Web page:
Friday, November 13, 2009

Amtrak Route Performance Misstated - Pew Charitable Trust

Here is the report from Subsidyscope; a program funded by the Pew Charitable Trust.

The issue that Subsidyscope addresses is that Amtrak, in its unaudited Monthly Performance Reports, is misstating the financial results (mostly losses that result in understatements) of each route in that they do not charge Depreciation as a cost of providing service over a route.

OK lets take a closer look at Depreciation and especially within Amtrak since on one hand it is a private enterprise and on the other a government agency.

To start, let's consider the definition of an Asset. Such is a piece of property, tangible or intangible notwithstanding, from which economic benefit will be derived over current and future accounting periods. Depreciation is a systematic method over which the cost, i.e. the expenditure of an asset incurred in a current period and from which economic benefit will be realized over a number of future accounting periods, is allocated to both the current and future periods.

Additionally, and this is important in the case of Amtrak and many another transportation company that use leased equipment, Depreciation also represents a restatement of lease obligations so that the cost of the economic benefit is better expressed over the asset's economic life as distinct from the timing of the lease payments. This is known as a Capitalized Lease and is required under existing accounting Literature so that a fair comparison may be made between enterprises that purchase their assets and those that acquire such by lease.

Virtually all of Amtrak's locomotives and rolling stock is leased.

Amtrak's audited Financial Statements of course recognize Depreciation as an expense; there is further recognition of Depreciation within the unaudited Monthly Performance Reports. However, it appears that no allocation of Depreciation is made to the routes resulting in an, as Pew sees it and for that matter the GAO, a misstatement of a Route's financial performance. Rather, Amtrak considers Depreciation be be an expense no different than that of the Bureaucracy - 60 Mass and elsewhere.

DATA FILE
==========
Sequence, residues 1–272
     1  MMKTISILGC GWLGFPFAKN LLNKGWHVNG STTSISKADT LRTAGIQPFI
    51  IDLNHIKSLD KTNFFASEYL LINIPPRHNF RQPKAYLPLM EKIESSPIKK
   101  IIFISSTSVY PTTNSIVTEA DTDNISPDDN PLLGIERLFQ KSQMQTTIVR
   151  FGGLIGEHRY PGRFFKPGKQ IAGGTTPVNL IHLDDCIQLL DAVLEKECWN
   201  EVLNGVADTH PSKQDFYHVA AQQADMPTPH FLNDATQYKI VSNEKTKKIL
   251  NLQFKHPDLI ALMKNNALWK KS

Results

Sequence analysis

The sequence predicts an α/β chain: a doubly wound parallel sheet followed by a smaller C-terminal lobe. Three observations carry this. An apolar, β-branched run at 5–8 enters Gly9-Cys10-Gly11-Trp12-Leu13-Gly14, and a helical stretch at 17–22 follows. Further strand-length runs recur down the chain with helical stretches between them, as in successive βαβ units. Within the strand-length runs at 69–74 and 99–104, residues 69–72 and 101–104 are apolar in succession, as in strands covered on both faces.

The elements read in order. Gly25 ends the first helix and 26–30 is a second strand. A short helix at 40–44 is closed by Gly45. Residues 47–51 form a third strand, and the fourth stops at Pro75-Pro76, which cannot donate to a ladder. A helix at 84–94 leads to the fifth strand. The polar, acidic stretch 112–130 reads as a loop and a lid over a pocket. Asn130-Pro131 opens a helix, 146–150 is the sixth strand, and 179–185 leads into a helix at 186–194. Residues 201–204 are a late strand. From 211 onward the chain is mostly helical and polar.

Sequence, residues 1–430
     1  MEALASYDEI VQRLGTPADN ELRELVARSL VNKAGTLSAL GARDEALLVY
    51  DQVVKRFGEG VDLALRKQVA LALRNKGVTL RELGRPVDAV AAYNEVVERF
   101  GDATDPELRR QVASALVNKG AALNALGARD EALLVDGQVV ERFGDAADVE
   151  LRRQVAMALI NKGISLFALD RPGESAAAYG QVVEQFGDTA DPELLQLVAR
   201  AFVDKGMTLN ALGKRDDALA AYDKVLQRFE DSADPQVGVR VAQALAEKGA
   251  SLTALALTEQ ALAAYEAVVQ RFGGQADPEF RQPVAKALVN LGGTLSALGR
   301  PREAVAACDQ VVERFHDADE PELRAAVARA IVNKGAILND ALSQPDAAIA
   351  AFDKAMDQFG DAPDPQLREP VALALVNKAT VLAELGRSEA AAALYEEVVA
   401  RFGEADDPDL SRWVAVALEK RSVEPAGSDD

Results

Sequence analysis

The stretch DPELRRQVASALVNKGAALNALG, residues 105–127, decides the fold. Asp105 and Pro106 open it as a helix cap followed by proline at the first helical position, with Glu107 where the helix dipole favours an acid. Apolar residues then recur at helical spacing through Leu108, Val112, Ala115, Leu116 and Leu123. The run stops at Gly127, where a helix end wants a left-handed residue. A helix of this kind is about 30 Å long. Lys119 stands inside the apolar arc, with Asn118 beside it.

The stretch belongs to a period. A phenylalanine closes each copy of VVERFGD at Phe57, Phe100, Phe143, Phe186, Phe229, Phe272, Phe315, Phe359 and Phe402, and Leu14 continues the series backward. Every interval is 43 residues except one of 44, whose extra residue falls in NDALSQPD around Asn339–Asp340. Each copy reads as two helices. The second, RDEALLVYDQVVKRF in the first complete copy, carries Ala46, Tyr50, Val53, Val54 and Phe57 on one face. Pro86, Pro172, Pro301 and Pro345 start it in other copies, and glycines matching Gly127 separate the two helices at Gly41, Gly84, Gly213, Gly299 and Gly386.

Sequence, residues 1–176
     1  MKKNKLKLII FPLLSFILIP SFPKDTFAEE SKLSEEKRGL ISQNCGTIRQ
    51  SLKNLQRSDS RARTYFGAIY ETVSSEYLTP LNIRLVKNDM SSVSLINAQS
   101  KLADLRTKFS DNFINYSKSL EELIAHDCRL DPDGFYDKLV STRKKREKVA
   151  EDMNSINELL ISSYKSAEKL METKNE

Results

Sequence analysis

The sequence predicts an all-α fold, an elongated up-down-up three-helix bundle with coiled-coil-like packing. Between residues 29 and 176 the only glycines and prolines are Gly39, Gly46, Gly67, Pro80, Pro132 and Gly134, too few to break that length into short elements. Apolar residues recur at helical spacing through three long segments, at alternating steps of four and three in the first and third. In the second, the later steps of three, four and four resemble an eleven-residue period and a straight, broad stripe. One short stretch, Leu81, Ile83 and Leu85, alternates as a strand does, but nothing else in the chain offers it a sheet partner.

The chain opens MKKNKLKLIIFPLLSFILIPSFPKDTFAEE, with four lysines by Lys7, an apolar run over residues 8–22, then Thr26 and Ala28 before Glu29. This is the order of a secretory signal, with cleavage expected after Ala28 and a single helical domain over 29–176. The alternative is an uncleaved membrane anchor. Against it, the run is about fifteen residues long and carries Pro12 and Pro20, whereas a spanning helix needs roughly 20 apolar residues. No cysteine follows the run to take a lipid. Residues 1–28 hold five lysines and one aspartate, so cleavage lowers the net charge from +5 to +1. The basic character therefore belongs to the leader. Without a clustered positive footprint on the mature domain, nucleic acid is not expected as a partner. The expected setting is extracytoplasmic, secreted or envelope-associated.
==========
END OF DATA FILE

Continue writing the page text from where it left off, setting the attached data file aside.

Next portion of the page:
To restate route performance with depreciation of equipment assigned to such as an expense element would make for inconsistent reporting - and Consistency is a standard of financial statements considered by the Accounting profession. Additionally, we have to consider a significant difference between Government Accounting and that of private enterprises. In government, Depreciation is not recognized. For example if the Navy builds an aircraft carrier which takes five years to build and will see active service for thirty, the costs incurred each year it is being built will be reported during the construction period. After that, it sails the Ocean Blue and going "pop pop" after the Bad Guys, without any Depreciation. On one hand Amtrak is government so why have Depreciation and especially why allocate over each route? But on the other, Amtrak's "Depreciation" is mostly represented by lease payments so it IS 'cash out the door'. But on the other hand, Amtrak is private enterprise (or so they tell me ); therefore Depreciation should be recognized.

Wish I knew the answers - all I can do is set forth the parameters.

1 comment:

  1. In any case, I took the train from Denver to Chicago to Albany during the week of Thanksgiving, and they were on time the whole way on all four legs. And even though they were all "sold out" trains, there were plenty of open seats during much of the trip--no doubt because of seats used by passengers going from Denver to somewhere in Nebraska, then somebody else going from Indiana to Chicago.

    The cars were in good shape, service was good, and overall this was the best Amtrak trip I've taken for quite some time. I think they are getting better...